I joined Symantec when they had just launched their eCommerce platform in-house. It was an exciting time as now we had access to a multitude of data that we could research for revenue opportunities.
While one team looked at optimizing landing pages for revenue conversions, I worked with the Business Intelligence team to search for additional opportunities. One such opportunity was the shopping cart experience. Together, we analyzed baseline data (comparing Quarter over Quarter performance) and built a sensitivity model:
All those numbers and charts are enough to make any designer's head spin, but together with my wonderful analytics partners, we identified the Cart-to-Billing pages in the eCommerce flow to be a revenue optimization opportunity. Essentially, if we could improve the customer experience and conversion from the Cart to the Billing pages by 1.5%, this could possibly be a $1 Million Dollar idea!
From a design standpoint, I had often thought the shopping cart experience could use a little bit of love in the Customer Experience and Look/Feel department. Now that I had some hard analytics to justify officially reviewing the design, I could get to work!
Here are the Cart and Billing pages that I had to start with:
I believe even non-designers can see the opportunity here.
As excited as I was to work on this, I had to be conservative in my initial design approach. The eCommerce shopping cart experience is a high-traffic website flow, and many eyes and departments were watching everything on these pages.
My general hypothesis about the eCommerce Cart and Billing pages was that the User Experience was confusing to our customers.
Specifically, on the Cart page, it is not obviously clear what the customer should do to advance their experience forward. Below are some things I noted about the original Cart page:
With the Billing Page, it is also something of a confusing experience. Below are a few things that I noted that could be potentially contributing to customer fallout rates:
There were many, many more things that I noticed, but I narrowed it down to three hypotheses that I would test:
Hypothesis: If we optimize the Call-to-Action (CTA) elements (i.e. button size and message) the close rate on the cart page will increase.
In designing this test, I leveraged my experience from the CNET/Download.com Display Ad Optimization project. The main learning I had there was that message, size, and color on the CTA button did affect conversion. In layman's terms, "Make the button bigger!"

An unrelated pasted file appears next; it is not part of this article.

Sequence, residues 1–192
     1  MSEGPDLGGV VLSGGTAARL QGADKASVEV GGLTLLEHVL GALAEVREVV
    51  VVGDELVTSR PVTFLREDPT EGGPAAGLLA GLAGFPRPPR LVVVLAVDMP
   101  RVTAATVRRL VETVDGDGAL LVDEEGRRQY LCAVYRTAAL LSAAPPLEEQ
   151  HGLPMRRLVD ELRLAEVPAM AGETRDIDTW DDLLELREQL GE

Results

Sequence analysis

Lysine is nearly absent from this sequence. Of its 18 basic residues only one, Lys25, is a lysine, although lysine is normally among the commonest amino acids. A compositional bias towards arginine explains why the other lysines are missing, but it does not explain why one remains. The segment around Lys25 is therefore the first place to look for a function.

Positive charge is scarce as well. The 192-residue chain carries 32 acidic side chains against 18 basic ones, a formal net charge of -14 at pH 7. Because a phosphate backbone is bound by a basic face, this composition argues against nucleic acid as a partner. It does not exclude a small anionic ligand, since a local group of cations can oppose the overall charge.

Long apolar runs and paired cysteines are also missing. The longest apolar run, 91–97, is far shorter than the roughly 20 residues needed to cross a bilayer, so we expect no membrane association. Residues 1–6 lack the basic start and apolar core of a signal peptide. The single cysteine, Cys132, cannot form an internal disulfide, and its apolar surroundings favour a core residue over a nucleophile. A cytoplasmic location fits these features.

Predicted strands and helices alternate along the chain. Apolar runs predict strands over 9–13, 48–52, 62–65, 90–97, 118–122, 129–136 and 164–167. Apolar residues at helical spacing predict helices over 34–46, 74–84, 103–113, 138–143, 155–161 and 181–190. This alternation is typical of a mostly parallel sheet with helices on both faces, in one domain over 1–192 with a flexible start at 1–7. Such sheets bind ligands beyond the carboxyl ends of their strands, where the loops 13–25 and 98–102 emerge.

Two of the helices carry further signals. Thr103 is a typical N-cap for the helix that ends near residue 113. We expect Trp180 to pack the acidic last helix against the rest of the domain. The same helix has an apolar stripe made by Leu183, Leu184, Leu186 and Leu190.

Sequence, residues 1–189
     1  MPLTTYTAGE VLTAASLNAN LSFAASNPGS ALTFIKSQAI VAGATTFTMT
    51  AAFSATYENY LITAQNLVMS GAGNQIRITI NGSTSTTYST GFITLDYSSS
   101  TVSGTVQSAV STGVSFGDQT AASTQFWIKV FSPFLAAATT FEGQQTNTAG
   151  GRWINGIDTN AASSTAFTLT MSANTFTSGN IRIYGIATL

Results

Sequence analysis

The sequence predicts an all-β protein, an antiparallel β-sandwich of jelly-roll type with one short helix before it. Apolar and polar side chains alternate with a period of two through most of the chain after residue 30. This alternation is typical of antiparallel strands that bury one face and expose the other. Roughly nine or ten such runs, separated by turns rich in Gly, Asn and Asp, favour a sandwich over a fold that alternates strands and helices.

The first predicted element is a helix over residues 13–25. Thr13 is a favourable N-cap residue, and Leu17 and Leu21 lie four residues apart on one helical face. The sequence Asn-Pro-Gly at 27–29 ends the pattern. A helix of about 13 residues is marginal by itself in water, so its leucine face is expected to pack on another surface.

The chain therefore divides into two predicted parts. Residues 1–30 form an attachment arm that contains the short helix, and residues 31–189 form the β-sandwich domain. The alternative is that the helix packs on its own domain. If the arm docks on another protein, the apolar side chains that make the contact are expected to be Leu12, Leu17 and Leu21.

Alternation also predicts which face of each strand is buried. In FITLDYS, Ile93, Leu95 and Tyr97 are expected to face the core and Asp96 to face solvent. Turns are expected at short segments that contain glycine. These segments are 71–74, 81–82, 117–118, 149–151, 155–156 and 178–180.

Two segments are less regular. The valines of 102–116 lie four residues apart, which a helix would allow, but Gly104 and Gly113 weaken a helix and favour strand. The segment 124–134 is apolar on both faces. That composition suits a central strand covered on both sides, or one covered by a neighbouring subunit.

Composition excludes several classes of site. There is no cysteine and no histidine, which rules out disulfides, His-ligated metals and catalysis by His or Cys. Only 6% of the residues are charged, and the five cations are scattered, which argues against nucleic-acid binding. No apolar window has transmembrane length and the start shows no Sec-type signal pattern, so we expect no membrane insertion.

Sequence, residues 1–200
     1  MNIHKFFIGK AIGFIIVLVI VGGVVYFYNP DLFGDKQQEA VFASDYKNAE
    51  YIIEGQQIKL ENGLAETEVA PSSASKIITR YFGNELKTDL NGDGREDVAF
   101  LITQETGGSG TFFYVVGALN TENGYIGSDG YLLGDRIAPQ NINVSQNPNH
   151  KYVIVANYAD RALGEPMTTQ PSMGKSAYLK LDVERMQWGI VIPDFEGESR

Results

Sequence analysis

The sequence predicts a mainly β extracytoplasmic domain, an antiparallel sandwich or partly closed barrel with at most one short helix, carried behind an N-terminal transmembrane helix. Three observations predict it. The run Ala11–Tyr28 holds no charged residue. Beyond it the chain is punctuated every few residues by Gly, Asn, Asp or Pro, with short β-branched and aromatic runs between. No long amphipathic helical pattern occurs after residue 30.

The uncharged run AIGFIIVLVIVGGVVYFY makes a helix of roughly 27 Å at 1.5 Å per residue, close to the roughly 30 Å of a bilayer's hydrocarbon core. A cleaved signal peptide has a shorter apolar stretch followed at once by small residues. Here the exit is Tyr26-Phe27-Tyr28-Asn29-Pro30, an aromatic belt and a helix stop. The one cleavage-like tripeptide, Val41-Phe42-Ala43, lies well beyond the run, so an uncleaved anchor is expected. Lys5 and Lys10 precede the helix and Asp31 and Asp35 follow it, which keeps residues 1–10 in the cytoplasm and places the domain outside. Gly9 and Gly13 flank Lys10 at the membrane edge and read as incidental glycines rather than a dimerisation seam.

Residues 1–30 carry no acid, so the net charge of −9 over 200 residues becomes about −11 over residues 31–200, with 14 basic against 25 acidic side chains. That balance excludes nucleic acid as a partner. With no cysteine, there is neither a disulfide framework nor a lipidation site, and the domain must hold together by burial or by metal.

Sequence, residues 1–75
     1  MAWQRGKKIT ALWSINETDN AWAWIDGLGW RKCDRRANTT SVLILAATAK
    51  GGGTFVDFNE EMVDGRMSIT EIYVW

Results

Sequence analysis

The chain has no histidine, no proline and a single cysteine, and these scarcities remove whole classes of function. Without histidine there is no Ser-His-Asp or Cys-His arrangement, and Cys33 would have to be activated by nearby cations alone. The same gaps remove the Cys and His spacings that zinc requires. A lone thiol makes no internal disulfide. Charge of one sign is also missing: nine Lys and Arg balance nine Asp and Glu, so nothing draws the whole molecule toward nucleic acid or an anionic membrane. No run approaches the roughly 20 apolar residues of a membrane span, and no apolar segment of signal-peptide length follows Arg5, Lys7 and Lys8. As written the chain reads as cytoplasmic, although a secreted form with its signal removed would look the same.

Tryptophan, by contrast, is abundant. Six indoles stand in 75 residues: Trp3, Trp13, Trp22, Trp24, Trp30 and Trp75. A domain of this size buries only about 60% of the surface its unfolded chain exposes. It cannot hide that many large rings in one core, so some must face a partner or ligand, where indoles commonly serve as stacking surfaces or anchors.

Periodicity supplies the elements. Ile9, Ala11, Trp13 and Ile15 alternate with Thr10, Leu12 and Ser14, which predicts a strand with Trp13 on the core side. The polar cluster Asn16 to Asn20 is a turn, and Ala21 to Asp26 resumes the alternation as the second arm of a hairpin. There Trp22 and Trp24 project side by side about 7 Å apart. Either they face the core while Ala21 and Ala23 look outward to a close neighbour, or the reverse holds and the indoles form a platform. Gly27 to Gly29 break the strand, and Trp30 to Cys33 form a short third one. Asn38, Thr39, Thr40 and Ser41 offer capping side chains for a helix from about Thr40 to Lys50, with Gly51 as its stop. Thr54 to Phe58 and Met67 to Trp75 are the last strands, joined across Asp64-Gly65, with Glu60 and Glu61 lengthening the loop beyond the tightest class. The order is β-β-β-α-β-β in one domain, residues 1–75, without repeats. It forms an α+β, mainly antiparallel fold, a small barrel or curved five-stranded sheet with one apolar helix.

This test was set up as a Multivariate (MVT) Test, which meant that we could create 9 different test experiences that would simulate 81 experiences and predict a winner. This was the first historical MVT test to run on Symantec's brand-spanking-new eCommerce platform.
With so many combinations, it was surprising that Blue was the preferred button to push, and increased conversion by 9% over the original experience! An analysis by the Business Intelligence team confirmed that this earned $500k/Quarter for eCommerce.
Hypothesis: If we clarify the information on the Billing Page fields, close rate on the billing page will increase.
For the design of this test, I requested was that we separate out the fields for the Account Login and create legally approved text to explain the value to the customer.
I worked with the Program Management team in designing this one. They were instrumental in providing the data for the business case.
It almost seems like a no-brainer that this test would be a winner, but you never know until you try! There were actually two test experiences, both of which yielded a positive increase in close rate (+1.4% and +3.64%) over the original experience. An analysis by the Business Intelligence team confirmed that this earned $500k/Quarter for eCommerce.
Hypothesis: If we remove the top navigation on the Cart and Billing pages, close rate on the cart and billing pages will increase due to reduced exit rate.
This test was designed to address a common practice heard in eCommerce, which is to remove any excess navigation in order to reduce the exit rate on the cart flow. It ran as a test on the Brazil store.
The test results were flat for this one. It wasn't compelling enough to re-run the test in any market other than Brazil at the time.
These series of tests ran for one Quarter. They brought huge learnings to the eCommerce team, in both test ideas as well as platform performance. The yield for the first quarter was +$1 Million Quarter over Quarter, and resulted in changing the buttons on the eCommerce platform to change from orange to blue for the US and UK markets.
The following quarter, I collaborated with the eCommerce team in Europe to design a Global Cart Optimization program. Together, we continued to iterate tests in the UK and US markets and furthered our learnings and earnings. The yield of this program was +$13 Million Year over Year (again, confirmed by our friends in the Business Intelligence team).
As a designer, I never imagined anything I worked on would be worth so much. It was an amazing experience!
This project was a tremendous global cross-functional effort. I would like to give a big "THANK YOU" and acknowledge all the parties involved:
(If I missed anyone, please send me an email and I will update this list!)
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